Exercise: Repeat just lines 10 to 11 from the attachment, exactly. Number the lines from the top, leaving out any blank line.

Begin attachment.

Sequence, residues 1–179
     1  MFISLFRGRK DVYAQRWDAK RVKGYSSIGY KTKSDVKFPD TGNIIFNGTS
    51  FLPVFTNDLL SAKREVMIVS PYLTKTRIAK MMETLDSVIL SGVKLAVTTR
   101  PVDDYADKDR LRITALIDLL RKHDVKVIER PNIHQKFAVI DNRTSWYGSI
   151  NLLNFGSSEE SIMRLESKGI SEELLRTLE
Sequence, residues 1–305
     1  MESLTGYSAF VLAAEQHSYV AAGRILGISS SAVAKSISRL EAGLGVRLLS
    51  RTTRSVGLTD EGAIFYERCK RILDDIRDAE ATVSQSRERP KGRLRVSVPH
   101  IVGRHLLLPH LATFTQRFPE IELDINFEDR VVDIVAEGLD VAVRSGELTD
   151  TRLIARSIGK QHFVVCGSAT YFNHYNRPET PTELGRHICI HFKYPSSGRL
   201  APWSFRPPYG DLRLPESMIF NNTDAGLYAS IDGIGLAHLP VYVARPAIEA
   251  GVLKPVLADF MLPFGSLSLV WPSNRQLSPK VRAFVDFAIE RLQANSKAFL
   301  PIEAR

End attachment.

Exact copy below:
   151  TRLIARSIGK QHFVVCGSAT YFNHYNRPET PTELGRHICI HFKYPSSGRL
   201  APWSFRPPYG DLRLPESMIF NNTDAGLYAS IDGIGLAHLP VYVARPAIEA